Some common questions on the extent of an Attorney’s powers are considered below:
Can Attorneys sell the Donor’s property?
All actions taken on behalf of the Donor must be in the Donor’s best interests. If the Attorney believes that selling the property is in the Donor’s best interests and the Donor is the sole owner of the property and the EPA allows it, then the Attorney may decide to sell the property.
Attorneys do not need approval from the Court of Protection or the OPG to sell the Donor’s property. However, they must apply to the Court for permission if for any reason the sale is below market value or the Attorney or a family member wants to buy the property. If the Attorneys do not seek the Court’s approval under these circumstances, then the sale may be challenged.
If the Donor has a registered Health and Welfare Lasting Power of Attorney, the Attorney may need to discuss matters about the sale of the Donor’s property with any Attorneys appointed to make decisions about where the Donor lives.
Can Attorneys make gifts of the Donor’s property?
Attorneys have limited powers to make gifts of the Donor’s property, whether this is to themselves or to others. Seasonal gifts can be made, for example at Christmas or to mark other religious festivals, or on occasions such as anniversaries, births or marriages/civil partnerships. However, these must be to people who are related to, or connected with, the Donor.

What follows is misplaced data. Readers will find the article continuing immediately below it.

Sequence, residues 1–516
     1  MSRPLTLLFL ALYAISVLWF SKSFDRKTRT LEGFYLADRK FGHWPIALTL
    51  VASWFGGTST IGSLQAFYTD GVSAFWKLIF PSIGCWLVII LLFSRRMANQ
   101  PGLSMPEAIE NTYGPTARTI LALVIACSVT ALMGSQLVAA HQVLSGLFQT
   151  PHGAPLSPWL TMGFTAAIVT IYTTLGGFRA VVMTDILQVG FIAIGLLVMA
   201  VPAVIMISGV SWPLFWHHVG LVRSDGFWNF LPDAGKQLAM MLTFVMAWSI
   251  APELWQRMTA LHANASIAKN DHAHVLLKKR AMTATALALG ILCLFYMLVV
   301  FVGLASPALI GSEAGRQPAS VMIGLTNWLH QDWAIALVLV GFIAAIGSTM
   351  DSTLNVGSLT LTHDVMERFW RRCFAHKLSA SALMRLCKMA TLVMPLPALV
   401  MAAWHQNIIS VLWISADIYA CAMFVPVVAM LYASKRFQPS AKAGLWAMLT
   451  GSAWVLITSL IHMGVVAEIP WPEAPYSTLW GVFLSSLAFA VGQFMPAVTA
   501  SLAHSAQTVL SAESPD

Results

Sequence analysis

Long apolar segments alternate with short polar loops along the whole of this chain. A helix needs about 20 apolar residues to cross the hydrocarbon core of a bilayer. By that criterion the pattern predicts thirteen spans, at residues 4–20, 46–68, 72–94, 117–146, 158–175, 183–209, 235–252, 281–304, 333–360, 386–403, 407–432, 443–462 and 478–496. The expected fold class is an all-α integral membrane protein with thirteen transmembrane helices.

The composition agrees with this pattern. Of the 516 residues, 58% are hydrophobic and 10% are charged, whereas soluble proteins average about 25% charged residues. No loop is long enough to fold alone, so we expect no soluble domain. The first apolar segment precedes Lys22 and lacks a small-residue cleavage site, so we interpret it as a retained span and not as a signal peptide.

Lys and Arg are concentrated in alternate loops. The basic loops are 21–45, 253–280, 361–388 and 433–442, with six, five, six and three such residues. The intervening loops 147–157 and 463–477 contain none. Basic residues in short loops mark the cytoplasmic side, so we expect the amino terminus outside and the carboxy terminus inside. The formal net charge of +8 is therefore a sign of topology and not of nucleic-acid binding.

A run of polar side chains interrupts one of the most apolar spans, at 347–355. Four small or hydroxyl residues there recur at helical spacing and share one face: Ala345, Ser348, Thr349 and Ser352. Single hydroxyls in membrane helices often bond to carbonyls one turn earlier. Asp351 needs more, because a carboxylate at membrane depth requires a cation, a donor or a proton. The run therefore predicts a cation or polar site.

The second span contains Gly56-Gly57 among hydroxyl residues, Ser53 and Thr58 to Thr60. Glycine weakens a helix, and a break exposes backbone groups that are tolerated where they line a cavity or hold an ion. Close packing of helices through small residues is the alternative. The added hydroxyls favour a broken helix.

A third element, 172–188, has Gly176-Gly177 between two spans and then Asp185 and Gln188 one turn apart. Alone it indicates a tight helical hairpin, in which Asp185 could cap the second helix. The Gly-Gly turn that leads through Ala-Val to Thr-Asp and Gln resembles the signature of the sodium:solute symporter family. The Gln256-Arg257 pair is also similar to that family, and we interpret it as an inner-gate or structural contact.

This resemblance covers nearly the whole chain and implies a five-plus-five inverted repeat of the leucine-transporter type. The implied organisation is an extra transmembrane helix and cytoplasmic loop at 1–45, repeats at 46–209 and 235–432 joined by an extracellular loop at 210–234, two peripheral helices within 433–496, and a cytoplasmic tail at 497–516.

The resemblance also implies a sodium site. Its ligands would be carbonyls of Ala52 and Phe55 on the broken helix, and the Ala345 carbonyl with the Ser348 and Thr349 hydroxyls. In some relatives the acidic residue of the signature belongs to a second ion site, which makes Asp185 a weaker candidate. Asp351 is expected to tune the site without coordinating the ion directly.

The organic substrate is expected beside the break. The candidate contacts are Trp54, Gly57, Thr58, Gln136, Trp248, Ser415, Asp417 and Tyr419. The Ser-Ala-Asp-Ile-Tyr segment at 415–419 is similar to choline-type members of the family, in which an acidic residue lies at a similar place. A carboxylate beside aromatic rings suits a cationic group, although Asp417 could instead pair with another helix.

Attorneys can also donate to any charity the Donor supported or might have been expected to support. The value of any gift must be reasonable and proportionate in relation to the value of the Donor’s estate.
If larger gifts of money or property are to be made, for example, as part of planning for inheritance tax, the Attorneys must apply to the Court of Protection.
The Court may order that any gifts which do not meet these criteria are to be paid back to the Donor.
Can the Attorney decide where the Donor should live?
An EPA does not give Attorneys the legal right to decide where the Donor should live. However, a Health and Welfare Lasting Power of Attorney can grant Attorneys the right to determine the Donor’s living arrangements.